Advanced imaging of veterinary cancer patients has evolved in recent years and modalities once limited to human medicine have now been described for diagnostic purposes in veterinary medicine (positron emission tomography/computed tomography, single-photon emission computed tomography, whole body magnetic resonance imaging). Magnetic resonance spectroscopy (MRS) is a non-invasive and non-ionizing technique that is well described in the human medical literature and is most frequently used to evaluate the metabolic activity of tissues with questionable malignant transformation. Differentiation of neoplastic tissue from surrounding normal tissue is dependent on variations in cellular metabolism. Positive identification of malignancy can be made when neoplastic alterations are occurring at the cellular level prior to gross anatomic changes. This improved, early detection of cancer occurrence (or recurrence) can improve patient survival and direct medical therapy. MRS techniques are largely underutilized in veterinary medicine, with current research predominantly limited to the brain (both evaluation of normal and diseased tissue). Given the clinical utility of MRS in humans, the technique may also be useful in the staging of cancer in veterinary medicine.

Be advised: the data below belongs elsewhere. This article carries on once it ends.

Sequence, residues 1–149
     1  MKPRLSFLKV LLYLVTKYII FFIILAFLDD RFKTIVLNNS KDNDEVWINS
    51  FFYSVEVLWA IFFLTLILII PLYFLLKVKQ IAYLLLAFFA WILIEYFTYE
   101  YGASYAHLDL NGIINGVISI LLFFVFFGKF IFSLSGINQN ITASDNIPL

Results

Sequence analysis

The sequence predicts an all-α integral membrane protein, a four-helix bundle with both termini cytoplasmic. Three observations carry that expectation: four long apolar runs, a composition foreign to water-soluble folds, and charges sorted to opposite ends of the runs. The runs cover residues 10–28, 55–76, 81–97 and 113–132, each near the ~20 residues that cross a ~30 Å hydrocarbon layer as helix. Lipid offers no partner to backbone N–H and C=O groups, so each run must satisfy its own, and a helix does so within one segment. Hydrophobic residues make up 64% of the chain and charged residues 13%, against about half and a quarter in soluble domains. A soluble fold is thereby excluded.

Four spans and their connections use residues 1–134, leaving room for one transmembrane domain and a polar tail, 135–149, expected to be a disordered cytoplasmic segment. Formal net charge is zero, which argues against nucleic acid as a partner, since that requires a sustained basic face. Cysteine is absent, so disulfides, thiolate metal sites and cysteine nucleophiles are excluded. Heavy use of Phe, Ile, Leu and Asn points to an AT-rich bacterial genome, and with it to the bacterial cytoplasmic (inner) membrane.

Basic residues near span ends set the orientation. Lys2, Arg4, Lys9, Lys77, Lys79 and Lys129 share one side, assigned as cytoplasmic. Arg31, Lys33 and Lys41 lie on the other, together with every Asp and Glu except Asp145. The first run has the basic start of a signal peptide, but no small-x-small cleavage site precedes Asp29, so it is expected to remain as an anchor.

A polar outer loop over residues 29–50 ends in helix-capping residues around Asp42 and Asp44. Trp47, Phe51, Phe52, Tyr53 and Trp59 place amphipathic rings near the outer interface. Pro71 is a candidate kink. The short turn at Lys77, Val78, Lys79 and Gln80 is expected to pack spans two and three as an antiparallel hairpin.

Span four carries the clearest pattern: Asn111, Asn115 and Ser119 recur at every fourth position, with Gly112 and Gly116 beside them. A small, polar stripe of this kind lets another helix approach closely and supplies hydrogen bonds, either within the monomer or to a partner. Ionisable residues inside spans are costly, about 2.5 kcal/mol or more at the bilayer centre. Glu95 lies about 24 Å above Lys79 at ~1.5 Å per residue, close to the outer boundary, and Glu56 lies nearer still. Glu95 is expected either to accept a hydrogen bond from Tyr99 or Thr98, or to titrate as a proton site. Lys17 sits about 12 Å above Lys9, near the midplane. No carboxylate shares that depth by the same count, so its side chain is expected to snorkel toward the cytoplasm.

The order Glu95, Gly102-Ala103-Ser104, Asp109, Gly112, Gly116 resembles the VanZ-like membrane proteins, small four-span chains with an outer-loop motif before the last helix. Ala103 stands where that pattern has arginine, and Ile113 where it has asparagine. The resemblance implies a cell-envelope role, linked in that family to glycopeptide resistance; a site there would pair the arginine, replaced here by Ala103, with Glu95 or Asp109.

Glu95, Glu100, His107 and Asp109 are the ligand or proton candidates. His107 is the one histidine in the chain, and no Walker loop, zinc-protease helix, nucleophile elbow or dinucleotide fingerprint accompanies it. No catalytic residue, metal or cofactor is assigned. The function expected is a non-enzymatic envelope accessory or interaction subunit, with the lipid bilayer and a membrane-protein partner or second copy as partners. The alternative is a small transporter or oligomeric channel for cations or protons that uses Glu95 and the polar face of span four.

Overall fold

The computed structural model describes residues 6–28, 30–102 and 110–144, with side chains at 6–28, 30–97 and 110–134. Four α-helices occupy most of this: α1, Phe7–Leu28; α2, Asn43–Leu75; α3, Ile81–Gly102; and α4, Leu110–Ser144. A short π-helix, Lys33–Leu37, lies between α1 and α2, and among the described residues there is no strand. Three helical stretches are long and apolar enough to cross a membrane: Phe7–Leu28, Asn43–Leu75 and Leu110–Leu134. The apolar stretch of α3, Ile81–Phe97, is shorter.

- Magnetic resonance spectroscopy
ASJC Scopus subject areas
- Animal Science and Zoology